COP26 concludes today, here's what happened so far
The 26th UN Climate Change Conference, or COP26, concludes today. Over 25,000 people – including world leaders, government negotiators, business officials, activists – attended the two-week long event in Glasgow, Scotland.
The first COP to ever take place was in 1995 and since then nations have been congregating annually to devise strategies on how to tackle the growing crisis of climate change. However, the efficacy of the action plans and the adherence to target goals has often been subjected to skepticism and ridicule.
The draft agreement of the conference highlights commitments to larger emissions cuts by 2022 and urging developed nations to follow through on their promise to financially help poorer, vulnerable nations in fighting climate change. To elaborate, in 2009, wealthy countries pledged 720 billion pounds per year to these nations by 2020 to fund clean energy, protect populations from the impacts of an overheating earth, and compensate for the damage already caused. And lastly, it called on countries to accelerate the phase-out of coal and subsidies for fossil fuels.
If this gets included in the final agreement, it would be the first time the COP has recognized the role of fossil fuels in driving climate change.
COP21 resulted in the Paris Agreement which was signed by almost every country in the world pledging to reduce emissions so as to curb global warming to 1.5 ℃. Unfortunately, it did not work out as planned and world leaders have yet again assembled to check in on each other's (sorry) progress of the Paris climate deal.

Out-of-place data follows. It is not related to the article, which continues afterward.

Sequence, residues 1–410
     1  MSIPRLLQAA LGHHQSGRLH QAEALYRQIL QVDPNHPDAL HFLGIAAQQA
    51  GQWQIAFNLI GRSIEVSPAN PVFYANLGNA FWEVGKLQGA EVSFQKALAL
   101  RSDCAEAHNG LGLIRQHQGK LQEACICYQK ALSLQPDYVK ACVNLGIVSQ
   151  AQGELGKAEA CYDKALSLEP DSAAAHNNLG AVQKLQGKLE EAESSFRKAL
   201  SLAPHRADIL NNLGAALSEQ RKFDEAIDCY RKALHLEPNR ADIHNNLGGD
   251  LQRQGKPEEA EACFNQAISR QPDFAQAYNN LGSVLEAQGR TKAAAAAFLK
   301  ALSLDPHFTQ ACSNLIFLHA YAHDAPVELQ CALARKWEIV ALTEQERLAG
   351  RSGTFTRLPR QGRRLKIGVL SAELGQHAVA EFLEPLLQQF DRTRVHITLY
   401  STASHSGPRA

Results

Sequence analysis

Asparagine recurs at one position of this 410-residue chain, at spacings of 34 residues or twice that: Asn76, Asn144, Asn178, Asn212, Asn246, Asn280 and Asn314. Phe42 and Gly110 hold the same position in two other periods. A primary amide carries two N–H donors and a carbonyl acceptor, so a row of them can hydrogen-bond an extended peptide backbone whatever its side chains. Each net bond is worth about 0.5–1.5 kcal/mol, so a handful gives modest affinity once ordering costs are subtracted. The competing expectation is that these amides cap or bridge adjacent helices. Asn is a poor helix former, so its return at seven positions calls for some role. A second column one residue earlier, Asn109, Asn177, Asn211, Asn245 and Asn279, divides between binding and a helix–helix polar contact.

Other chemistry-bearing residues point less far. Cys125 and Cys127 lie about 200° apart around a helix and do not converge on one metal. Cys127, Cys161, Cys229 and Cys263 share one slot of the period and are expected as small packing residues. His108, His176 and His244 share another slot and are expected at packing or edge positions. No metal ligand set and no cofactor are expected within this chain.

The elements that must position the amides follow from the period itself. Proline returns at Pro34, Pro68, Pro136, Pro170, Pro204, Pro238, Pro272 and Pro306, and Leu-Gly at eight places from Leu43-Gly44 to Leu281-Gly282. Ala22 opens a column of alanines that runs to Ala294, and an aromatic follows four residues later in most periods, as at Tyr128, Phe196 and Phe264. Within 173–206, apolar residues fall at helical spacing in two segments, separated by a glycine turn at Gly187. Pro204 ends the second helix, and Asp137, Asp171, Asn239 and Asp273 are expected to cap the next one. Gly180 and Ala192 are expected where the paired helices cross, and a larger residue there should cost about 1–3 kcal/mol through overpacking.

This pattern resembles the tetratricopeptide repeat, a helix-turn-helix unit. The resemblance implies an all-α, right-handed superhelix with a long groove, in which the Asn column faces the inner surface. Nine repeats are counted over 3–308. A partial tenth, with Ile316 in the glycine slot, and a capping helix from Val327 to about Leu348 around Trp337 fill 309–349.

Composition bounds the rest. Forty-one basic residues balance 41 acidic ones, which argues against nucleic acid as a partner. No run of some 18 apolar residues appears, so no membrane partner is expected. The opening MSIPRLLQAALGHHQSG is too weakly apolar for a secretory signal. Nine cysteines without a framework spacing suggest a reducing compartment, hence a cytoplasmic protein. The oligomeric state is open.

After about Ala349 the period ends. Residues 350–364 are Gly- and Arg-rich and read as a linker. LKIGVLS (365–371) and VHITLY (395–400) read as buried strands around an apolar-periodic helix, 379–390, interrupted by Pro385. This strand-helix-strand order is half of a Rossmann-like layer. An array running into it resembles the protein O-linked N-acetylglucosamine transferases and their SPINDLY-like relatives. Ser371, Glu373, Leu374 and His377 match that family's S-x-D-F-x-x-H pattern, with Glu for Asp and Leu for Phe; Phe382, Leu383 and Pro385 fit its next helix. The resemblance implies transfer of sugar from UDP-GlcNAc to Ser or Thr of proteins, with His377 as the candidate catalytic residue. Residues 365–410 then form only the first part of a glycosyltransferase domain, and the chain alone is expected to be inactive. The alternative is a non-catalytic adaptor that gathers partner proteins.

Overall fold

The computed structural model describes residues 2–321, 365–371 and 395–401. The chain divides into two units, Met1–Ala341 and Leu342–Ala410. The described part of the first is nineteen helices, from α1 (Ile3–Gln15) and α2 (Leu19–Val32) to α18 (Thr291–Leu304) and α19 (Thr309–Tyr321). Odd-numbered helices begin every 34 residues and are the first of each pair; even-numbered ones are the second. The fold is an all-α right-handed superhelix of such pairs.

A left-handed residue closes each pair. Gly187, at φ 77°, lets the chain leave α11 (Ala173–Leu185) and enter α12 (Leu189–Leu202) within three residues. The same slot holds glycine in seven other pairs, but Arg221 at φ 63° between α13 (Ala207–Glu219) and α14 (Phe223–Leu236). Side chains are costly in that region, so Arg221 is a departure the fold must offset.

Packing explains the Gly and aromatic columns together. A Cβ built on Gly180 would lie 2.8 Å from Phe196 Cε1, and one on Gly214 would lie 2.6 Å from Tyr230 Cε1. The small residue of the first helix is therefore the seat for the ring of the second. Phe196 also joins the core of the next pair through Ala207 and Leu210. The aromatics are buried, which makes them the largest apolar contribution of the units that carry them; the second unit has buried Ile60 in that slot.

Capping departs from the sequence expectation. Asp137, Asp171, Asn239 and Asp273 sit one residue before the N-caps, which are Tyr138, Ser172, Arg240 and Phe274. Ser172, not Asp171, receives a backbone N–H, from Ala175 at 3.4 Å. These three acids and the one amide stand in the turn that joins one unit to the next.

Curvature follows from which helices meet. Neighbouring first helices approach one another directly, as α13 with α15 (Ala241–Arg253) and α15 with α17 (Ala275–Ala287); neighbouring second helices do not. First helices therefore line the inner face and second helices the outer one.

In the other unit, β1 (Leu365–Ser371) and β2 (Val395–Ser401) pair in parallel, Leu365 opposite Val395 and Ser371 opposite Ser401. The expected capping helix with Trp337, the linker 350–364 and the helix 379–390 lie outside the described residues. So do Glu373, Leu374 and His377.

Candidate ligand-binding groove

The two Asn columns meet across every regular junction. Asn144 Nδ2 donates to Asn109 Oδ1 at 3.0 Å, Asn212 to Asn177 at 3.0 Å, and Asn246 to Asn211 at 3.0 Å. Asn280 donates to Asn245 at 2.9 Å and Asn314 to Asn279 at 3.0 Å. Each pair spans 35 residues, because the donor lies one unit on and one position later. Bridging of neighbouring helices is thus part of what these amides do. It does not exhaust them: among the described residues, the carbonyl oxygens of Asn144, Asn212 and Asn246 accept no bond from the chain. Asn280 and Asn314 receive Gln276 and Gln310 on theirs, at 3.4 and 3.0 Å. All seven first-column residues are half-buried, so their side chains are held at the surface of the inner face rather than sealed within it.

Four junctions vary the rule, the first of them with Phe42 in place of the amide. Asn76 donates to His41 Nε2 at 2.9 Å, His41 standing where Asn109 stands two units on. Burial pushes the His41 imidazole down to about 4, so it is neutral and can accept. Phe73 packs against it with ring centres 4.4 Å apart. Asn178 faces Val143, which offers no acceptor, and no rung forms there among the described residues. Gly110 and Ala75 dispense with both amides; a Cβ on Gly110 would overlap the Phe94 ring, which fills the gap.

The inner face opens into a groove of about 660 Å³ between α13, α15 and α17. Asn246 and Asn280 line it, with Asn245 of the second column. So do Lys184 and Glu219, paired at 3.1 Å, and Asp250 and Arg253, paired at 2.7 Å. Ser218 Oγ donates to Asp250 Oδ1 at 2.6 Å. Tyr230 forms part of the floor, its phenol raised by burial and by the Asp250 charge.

More than 100 world leaders and politicians from about 200 countries attended the summit. But what's surprising is the absence of important leaders from China and Russia. With China being the largest greenhouse gas emitter (followed by the US and India) and Russia the fourth most polluting, negotiations may be hard to reach.
One of the outcomes of the climate summit is the joint statement issued by the United States and China where both countries vowed to do more to cut carbon outputs and in which China, for the first time, committed to address its methane emissions. Moreover, dealmakers have finalized a complete shift to the use of EVs by 2040 globally (although some stress 2030 is a better deadline) and in leading markets by 2035.
This means an end to the sales of emission-producing vehicles run on fossil fuels. However, major carmakers like Hyundai-Kia, Renault-Nissan, Toyota, Volkswagen have failed to sign the zero-emissions pledge unlike General Motors, Ford, Jaguar Land Rover, Mercedes-Benz. China and the US, world's biggest car markets, were absent from the signatories which went over 100.
Other agreements included vows to reverse deforestation by 2030 signed by more than 100 world leaders with Brazil guilty of clearing huge stretches of the Amazon being among the signatories. The global deforestation rate is about 30 football pitches a minute. Reforestation is crucial to maintain the carbon sinks, a term used to describe natural resources capable of absorbing carbon dioxide from the atmosphere and storing it.
As for the next climate talk, COP27 is set to take place in Egypt at around the same time. Till then, actual progress from participating countries will largely determine the success for this year's negotiations.
1. BBC (November 9, 2021). COP 26: Everything you need to know about the climate conference
2. The Guardian (November 7, 2021). So what has COP26 achieved so far?
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